Over the past month, people in eastern China have repeatedly complained about noise pollution from a theme park’s sightseeing helicopter, but an apparent regulatory gap has left them more frustrated than ever, Sixth Tone’s sister publication The Paper reported Monday.
Though Yancheng Chunqiu Amusement Land in Changzhou, Jiangsu province, went through the proper approval channels for the helicopter attraction, securing permission from the local air control department, the noise the aircraft generates irritates nearby residents on a daily basis. When interviewed by local media, one resident described the helicopter’s roar as “like a tractor driving over my head.”
Opening its gates in 2010, Yancheng Chunqiu holds the highest classification for tourist attractions in China. The park is located near the Yancheng Remains, the ruins of an ancient town that dates from nearly 3,000 years ago.
The scenic helicopter flight was hatched in cooperation with a Shenzhen-based tourism investment company, and it officially launched last month. People pay 300 yuan ($50) each for a five-minute flight in a helicopter that can accommodate up to three passengers.
Before residents started complaining, the helicopter flew within its approved flight path. Facing backlash, however, the park changed the course to avoid residential areas and suspended operations from 12:30 to 1:30 in the afternoon and after 5:30 in the evening — when people are most likely to be at home.
Despite these changes, the complaints continued, and began accumulating at several government departments in Changzhou’s Wujin District, where the park is located. Now, officials from these departments seem to be at a loss for who should be responsible for tackling the problem.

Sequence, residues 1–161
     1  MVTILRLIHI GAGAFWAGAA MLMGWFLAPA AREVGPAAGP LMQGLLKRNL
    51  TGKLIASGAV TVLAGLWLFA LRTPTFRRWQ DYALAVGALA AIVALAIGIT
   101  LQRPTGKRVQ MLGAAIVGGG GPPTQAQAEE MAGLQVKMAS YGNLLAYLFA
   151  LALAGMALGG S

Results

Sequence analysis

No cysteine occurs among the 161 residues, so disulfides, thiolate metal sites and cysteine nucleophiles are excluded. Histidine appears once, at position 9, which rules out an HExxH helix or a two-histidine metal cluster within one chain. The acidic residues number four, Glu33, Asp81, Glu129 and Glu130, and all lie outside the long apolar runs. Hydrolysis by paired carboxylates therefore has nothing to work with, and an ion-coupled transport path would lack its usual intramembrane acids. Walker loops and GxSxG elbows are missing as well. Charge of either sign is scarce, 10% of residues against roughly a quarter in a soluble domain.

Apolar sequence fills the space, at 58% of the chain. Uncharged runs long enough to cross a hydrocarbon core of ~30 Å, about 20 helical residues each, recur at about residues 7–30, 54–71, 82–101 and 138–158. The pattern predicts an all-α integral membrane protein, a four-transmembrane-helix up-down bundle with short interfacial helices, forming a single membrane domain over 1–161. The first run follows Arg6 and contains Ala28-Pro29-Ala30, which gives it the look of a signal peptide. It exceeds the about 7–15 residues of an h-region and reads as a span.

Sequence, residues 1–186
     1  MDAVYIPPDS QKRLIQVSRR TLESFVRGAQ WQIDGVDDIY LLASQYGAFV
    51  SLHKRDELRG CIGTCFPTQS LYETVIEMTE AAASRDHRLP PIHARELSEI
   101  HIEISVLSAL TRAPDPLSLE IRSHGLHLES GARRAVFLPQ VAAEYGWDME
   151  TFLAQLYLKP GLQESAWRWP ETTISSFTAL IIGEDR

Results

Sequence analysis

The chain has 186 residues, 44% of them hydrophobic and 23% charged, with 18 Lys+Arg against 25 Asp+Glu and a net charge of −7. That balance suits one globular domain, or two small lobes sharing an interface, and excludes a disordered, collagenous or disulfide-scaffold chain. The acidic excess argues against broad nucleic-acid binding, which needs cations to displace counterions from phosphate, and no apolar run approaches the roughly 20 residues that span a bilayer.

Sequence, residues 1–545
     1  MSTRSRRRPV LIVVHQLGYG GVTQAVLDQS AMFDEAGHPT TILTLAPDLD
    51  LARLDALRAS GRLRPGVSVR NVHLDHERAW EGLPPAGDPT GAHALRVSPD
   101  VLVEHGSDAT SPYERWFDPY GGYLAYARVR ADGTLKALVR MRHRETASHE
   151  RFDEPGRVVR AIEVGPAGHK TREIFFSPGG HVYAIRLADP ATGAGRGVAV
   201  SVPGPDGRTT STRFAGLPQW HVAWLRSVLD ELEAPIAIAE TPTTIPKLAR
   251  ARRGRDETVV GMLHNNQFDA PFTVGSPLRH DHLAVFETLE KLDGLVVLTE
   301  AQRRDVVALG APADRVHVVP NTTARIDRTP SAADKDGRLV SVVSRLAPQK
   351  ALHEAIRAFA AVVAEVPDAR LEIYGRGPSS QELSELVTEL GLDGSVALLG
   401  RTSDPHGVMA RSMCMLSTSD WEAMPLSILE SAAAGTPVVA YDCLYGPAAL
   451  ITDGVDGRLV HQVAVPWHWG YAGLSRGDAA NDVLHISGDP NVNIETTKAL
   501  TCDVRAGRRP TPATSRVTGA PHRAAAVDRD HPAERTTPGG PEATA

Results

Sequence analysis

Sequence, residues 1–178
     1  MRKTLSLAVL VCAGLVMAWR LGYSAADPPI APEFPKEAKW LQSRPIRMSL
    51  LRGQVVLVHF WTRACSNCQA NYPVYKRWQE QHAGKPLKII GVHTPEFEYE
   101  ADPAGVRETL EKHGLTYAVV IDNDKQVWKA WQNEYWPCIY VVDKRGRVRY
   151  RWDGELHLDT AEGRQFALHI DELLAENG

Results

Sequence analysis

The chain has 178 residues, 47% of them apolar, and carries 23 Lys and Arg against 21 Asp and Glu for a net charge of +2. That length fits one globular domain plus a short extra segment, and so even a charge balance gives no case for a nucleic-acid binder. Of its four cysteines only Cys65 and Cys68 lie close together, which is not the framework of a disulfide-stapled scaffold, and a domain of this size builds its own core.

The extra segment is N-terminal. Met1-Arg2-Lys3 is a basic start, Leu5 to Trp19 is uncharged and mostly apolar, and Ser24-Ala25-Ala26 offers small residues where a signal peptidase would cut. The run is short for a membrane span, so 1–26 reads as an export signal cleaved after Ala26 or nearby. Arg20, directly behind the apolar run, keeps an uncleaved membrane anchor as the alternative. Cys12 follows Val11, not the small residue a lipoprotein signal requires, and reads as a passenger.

Though China’s Law on the Prevention and Control of Environmental Noise Pollution stipulates that environmental protection departments should be responsible for managing and controlling “environmental noise pollution” — defined as that which exceeds limits set by the state and “impairs people’s daily life, work, and study” — within their administrative areas, it also says that public security, communications, railway, and civil aviation authorities should prevent noise pollution caused by traffic and social activities.
Helicopter noise, meanwhile, has yet to be classified under a particular regulatory authority — a conundrum Wujin District’s environmental protection bureau confirmed to The Paper. In addition, the bureau added that there is no standardized limit for helicopter noise: While construction sites cannot exceed 60 decibels, a helicopter flying at 30 meters can generate 100 decibels of noise.
Both the public security and urban management bureaus of Wujin told The Paper that helicopter noise did not fall under their areas of supervision.
A spokesman for the provincial-level civil aviation authority told The Paper that while there are laws in place for regulating noise from airports, there are currently no laws governing “temporary takeoff and landing points” such as helipads.
Zhou Jianguo, deputy dean of Nanjing University’s School of Government, told The Paper that while it’s unrealistic to expect one law to encompass every kind of noise pollution, this should not be taken as an excuse to pass the buck.
“When a new problem arises, a responsible government tries to resolve it by any means necessary,” Zhou said.
Editor: David Paulk.
(Header image: An aerial view of Yancheng Chunqiu Amusement Land in Changzhou, Jiangsu province, July 26, 2012. Zhang Yanlin/VCG)